Monday, February 28, 2011

The time is right to buy a MCM house!

Mid-Century Modern (MCM) design has become a part of mainstream culture and more and more people have a newfound appreciation for MCM housing.

Campeau Renaissance Series brochure for Carson Grove. c. 1970

Many of the original owners of MCM houses who bought them new in the 50s, 60s and 70s, are now selling and moving to more suitable accommodations for the next phase in their life. Quite a few of these houses seem frozen in time with so many of the original details still intact. This is something that true MCM aficionados appreciate! It is amazing how many of these houses have been so well maintained that the MCM kitchens and bathrooms have been beautifully preserved. While in the past a buyer might want to tear everything out and put in a new kitchen and bathrooms, today’s buyers seek out these original (and still functional) features.

Campeau Arlington Place/Rothwell Ridge brochure. c.1973

National Builder magazine 1966.

Campeau "X-Ray House" brochure. c. 1960s

 At the same time, the ageing baby-boom population are now looking to downsize. MCM bungalows may become very desirable for Boomers wanting to move from their large 2-storey empty nest, to one-level living more suitable for their golden years. Nostalgia for their childhood comes into play as many of these Boomers grew up in MCM houses, and find pleasure in returning to something familiar. But, MCM design is not just gaining popularity for those who remember it; the younger generations are also finding an appreciation for all things ‘retro’.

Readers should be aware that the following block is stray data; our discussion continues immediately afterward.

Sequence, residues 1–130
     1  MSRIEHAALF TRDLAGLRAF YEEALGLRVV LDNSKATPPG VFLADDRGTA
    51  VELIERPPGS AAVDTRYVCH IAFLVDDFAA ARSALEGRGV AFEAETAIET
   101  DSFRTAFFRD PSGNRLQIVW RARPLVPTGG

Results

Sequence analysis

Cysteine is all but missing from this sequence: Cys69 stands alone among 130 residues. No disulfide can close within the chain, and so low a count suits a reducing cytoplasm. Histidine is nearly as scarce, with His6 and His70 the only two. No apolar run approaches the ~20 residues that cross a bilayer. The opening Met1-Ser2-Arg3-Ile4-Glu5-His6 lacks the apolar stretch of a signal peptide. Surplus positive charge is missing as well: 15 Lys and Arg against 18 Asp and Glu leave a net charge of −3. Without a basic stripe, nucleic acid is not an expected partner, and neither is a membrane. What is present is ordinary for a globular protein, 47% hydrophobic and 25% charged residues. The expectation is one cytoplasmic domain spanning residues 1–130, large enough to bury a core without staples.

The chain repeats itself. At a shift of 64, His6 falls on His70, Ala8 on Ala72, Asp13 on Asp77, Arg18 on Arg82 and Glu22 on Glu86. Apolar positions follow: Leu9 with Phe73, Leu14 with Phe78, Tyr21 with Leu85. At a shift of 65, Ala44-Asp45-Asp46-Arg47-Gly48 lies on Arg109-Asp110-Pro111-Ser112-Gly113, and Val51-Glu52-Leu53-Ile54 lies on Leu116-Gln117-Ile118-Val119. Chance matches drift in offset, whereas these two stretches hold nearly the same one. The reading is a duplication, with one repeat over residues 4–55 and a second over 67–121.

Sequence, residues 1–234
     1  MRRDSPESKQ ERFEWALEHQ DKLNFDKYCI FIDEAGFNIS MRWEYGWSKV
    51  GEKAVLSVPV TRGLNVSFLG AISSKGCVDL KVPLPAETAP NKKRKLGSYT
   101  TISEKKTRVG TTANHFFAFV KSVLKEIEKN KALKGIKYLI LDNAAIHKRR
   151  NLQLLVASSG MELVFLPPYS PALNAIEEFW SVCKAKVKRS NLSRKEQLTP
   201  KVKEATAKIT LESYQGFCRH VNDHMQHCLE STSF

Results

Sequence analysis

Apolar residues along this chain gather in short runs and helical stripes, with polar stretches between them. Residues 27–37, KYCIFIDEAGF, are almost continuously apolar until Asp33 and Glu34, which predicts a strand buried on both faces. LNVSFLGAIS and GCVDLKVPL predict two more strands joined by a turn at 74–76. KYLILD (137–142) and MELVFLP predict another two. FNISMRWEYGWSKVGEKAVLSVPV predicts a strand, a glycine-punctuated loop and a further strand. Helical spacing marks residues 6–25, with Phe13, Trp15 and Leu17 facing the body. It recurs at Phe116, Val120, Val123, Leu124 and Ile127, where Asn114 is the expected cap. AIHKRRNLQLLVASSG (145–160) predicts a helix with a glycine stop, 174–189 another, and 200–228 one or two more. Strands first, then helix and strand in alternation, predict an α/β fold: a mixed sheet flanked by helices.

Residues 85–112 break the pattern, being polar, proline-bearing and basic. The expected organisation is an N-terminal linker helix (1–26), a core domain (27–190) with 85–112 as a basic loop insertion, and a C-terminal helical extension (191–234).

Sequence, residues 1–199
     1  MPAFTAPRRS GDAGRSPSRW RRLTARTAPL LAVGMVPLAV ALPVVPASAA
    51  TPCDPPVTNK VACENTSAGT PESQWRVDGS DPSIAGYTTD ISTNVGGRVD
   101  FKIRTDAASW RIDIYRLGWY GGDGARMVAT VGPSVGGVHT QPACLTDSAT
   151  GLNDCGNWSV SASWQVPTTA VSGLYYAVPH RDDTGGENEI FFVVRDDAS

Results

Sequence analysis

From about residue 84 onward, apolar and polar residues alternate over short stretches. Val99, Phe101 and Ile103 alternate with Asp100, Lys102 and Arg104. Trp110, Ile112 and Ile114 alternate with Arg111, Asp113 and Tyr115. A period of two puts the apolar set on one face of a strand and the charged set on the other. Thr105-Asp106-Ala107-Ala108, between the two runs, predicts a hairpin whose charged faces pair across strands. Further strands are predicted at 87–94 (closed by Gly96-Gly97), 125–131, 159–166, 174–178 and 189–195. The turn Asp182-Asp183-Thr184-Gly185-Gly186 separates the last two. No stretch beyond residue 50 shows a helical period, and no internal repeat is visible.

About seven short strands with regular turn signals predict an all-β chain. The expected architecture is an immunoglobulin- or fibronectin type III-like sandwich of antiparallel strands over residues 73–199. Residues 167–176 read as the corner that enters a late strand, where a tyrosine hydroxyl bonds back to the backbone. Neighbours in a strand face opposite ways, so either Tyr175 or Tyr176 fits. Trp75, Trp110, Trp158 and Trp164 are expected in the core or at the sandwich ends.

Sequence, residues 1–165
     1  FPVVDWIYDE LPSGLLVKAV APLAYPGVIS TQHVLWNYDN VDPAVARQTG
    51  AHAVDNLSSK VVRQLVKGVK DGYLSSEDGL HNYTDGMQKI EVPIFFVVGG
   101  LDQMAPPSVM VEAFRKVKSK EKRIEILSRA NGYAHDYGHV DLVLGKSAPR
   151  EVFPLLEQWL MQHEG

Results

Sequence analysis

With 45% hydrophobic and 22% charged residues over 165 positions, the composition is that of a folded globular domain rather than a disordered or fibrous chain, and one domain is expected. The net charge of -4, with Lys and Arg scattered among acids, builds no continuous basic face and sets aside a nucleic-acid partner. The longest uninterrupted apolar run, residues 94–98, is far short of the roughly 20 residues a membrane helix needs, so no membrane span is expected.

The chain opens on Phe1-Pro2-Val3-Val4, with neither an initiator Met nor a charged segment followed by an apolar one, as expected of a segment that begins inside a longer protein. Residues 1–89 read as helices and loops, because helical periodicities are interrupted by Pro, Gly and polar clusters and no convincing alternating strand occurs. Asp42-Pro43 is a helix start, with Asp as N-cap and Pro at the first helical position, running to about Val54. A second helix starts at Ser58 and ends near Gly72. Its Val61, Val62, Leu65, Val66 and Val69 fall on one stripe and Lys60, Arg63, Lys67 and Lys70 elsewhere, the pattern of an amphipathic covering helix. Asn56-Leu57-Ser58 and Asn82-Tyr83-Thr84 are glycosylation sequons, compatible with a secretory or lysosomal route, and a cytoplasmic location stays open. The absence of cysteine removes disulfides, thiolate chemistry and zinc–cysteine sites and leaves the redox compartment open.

Campeau Playfair Park brochure. c. 1966.

Campeau Renaissance Series brochure for Carson Grove. c. 1973

Campeau Arlington Place/Rothwell Ridge brochure. c.1973

Whether you are discovering MCM design for the first time, or re-discovering it from your past, the time is right to buy that perfect MCM house!

Feel free to contact me if you would like help finding that special home:
Saul Svirplys
Sales Representative
Faulkner Real Estate Ltd.

Campeau Loyola Court brochure. c. 1972.

Wednesday, February 9, 2011

Campeau Best Sellers 1961 and 1962

Thanks to this vintage article from National Builder magazine, I present Campeau Construction's best sellers from 1961 and 1962. 
These plans were built in Riverside Park and Queensway Terrace.

This was Campeau's best-selling model in 1961. Sprawling bungalows were once a mainstay in new house construction, but became less common with time as lot widths shrunk. Now with the baby-boom population aging, one-level living is starting to make a comeback. Many of the bungalows that the boomers may have grown up in, may soon become popular houses for them to grow old in.

A different version of the B-34, with a larger kitchen. 

The B-33 plan is similar in many regards, but is slighly larger and has 4 bedrooms.

The second best-selling plan of 1961 was the S-32. This is my favourite Campeau plan from the 1960s. Much like the Minto Alpine, the design uses post and beam construction with vaulted living spaces. Both the exterior and the interior of this plan are stunning. 
The S-30 and S-31 are variations of the plan, with 3 bedrooms on the upper level.
The S-60 plan was a top-seller in 1962. I am guessing that the plan was so popular as it has 4 bedrooms (even though 2 are on the lower level), and yet is was priced like a 3 bedroom house.

The blueprints from the National Builder article.

The S-64 plan is identical, but does not have a garage. Instead space for a Recreation Room is located on the lower level - something that is missing from the S-60.

The S-62 plan, is a larger variation of the S-60 with 3 Bedrooms on the main floor.

A great way to see the built versions of these plans is to drive/walk along Baseline Road between Centrepointe and Greenbank. I suspect that the original model homes for Queensway Terrace were built there...does anyone know if this is true?